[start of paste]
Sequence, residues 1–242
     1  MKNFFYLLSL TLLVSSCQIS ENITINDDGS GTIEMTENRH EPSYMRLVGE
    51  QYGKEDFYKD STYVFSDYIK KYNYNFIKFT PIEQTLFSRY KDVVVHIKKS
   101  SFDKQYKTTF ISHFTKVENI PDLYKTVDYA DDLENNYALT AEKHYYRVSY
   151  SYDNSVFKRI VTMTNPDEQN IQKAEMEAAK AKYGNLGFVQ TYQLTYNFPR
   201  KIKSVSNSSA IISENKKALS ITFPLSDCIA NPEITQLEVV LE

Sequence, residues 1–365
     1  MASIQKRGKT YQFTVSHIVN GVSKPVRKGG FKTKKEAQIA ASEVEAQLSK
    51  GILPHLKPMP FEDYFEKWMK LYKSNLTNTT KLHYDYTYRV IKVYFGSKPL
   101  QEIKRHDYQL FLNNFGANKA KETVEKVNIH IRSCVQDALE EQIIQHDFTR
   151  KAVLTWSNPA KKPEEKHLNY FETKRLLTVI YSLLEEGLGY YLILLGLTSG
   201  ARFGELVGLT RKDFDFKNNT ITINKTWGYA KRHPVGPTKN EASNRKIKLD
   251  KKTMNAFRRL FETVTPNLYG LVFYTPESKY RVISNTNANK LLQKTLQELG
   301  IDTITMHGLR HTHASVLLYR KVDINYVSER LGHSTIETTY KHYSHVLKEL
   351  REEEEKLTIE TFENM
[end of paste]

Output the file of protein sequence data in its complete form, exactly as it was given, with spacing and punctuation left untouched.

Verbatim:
Sequence, residues 1–242
     1  MKNFFYLLSL TLLVSSCQIS ENITINDDGS GTIEMTENRH EPSYMRLVGE
    51  QYGKEDFYKD STYVFSDYIK KYNYNFIKFT PIEQTLFSRY KDVVVHIKKS
   101  SFDKQYKTTF ISHFTKVENI PDLYKTVDYA DDLENNYALT AEKHYYRVSY
   151  SYDNSVFKRI VTMTNPDEQN IQKAEMEAAK AKYGNLGFVQ TYQLTYNFPR
   201  KIKSVSNSSA IISENKKALS ITFPLSDCIA NPEITQLEVV LE

Sequence, residues 1–365
     1  MASIQKRGKT YQFTVSHIVN GVSKPVRKGG FKTKKEAQIA ASEVEAQLSK
    51  GILPHLKPMP FEDYFEKWMK LYKSNLTNTT KLHYDYTYRV IKVYFGSKPL
   101  QEIKRHDYQL FLNNFGANKA KETVEKVNIH IRSCVQDALE EQIIQHDFTR
   151  KAVLTWSNPA KKPEEKHLNY FETKRLLTVI YSLLEEGLGY YLILLGLTSG
   201  ARFGELVGLT RKDFDFKNNT ITINKTWGYA KRHPVGPTKN EASNRKIKLD
   251  KKTMNAFRRL FETVTPNLYG LVFYTPESKY RVISNTNANK LLQKTLQELG
   301  IDTITMHGLR HTHASVLLYR KVDINYVSER LGHSTIETTY KHYSHVLKEL
   351  REEEEKLTIE TFENM